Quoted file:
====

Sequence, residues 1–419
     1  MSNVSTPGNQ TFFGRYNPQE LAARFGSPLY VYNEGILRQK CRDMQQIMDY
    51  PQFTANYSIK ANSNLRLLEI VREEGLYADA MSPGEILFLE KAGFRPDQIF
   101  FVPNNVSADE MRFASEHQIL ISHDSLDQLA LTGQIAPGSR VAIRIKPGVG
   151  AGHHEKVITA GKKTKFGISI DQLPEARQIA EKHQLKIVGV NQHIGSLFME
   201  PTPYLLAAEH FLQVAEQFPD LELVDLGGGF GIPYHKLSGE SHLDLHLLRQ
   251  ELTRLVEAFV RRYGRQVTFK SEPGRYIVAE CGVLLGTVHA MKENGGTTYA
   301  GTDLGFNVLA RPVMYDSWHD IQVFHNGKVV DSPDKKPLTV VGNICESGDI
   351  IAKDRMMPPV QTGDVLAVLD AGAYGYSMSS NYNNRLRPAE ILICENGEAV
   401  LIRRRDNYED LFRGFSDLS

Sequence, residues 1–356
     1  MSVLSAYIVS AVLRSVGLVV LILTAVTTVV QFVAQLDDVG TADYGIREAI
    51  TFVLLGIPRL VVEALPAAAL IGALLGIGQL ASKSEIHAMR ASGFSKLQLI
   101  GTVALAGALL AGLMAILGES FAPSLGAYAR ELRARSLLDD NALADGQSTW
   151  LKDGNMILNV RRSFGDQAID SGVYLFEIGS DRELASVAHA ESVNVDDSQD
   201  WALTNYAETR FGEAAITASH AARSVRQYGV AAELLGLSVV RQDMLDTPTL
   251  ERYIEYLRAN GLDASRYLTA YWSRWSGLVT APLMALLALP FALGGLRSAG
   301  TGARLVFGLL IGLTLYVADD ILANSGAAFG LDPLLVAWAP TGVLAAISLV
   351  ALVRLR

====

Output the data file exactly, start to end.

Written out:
Sequence, residues 1–419
     1  MSNVSTPGNQ TFFGRYNPQE LAARFGSPLY VYNEGILRQK CRDMQQIMDY
    51  PQFTANYSIK ANSNLRLLEI VREEGLYADA MSPGEILFLE KAGFRPDQIF
   101  FVPNNVSADE MRFASEHQIL ISHDSLDQLA LTGQIAPGSR VAIRIKPGVG
   151  AGHHEKVITA GKKTKFGISI DQLPEARQIA EKHQLKIVGV NQHIGSLFME
   201  PTPYLLAAEH FLQVAEQFPD LELVDLGGGF GIPYHKLSGE SHLDLHLLRQ
   251  ELTRLVEAFV RRYGRQVTFK SEPGRYIVAE CGVLLGTVHA MKENGGTTYA
   301  GTDLGFNVLA RPVMYDSWHD IQVFHNGKVV DSPDKKPLTV VGNICESGDI
   351  IAKDRMMPPV QTGDVLAVLD AGAYGYSMSS NYNNRLRPAE ILICENGEAV
   401  LIRRRDNYED LFRGFSDLS

Sequence, residues 1–356
     1  MSVLSAYIVS AVLRSVGLVV LILTAVTTVV QFVAQLDDVG TADYGIREAI
    51  TFVLLGIPRL VVEALPAAAL IGALLGIGQL ASKSEIHAMR ASGFSKLQLI
   101  GTVALAGALL AGLMAILGES FAPSLGAYAR ELRARSLLDD NALADGQSTW
   151  LKDGNMILNV RRSFGDQAID SGVYLFEIGS DRELASVAHA ESVNVDDSQD
   201  WALTNYAETR FGEAAITASH AARSVRQYGV AAELLGLSVV RQDMLDTPTL
   251  ERYIEYLRAN GLDASRYLTA YWSRWSGLVT APLMALLALP FALGGLRSAG
   301  TGARLVFGLL IGLTLYVADD ILANSGAAFG LDPLLVAWAP TGVLAAISLV
   351  ALVRLR